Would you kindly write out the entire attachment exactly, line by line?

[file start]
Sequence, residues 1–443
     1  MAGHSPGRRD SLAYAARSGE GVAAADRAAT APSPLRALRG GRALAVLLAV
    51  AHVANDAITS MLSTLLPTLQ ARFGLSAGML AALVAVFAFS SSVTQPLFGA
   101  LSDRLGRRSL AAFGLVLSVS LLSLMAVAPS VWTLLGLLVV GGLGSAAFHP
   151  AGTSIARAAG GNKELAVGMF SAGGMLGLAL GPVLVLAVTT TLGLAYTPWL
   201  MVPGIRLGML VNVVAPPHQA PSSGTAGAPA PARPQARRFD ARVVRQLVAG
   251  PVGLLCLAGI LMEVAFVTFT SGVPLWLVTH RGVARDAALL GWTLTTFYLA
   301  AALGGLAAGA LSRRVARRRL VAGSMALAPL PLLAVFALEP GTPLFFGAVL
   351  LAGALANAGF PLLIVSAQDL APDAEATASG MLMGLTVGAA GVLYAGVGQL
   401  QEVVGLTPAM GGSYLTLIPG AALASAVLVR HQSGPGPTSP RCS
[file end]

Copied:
Sequence, residues 1–443
     1  MAGHSPGRRD SLAYAARSGE GVAAADRAAT APSPLRALRG GRALAVLLAV
    51  AHVANDAITS MLSTLLPTLQ ARFGLSAGML AALVAVFAFS SSVTQPLFGA
   101  LSDRLGRRSL AAFGLVLSVS LLSLMAVAPS VWTLLGLLVV GGLGSAAFHP
   151  AGTSIARAAG GNKELAVGMF SAGGMLGLAL GPVLVLAVTT TLGLAYTPWL
   201  MVPGIRLGML VNVVAPPHQA PSSGTAGAPA PARPQARRFD ARVVRQLVAG
   251  PVGLLCLAGI LMEVAFVTFT SGVPLWLVTH RGVARDAALL GWTLTTFYLA
   301  AALGGLAAGA LSRRVARRRL VAGSMALAPL PLLAVFALEP GTPLFFGAVL
   351  LAGALANAGF PLLIVSAQDL APDAEATASG MLMGLTVGAA GVLYAGVGQL
   401  QEVVGLTPAM GGSYLTLIPG AALASAVLVR HQSGPGPTSP RCS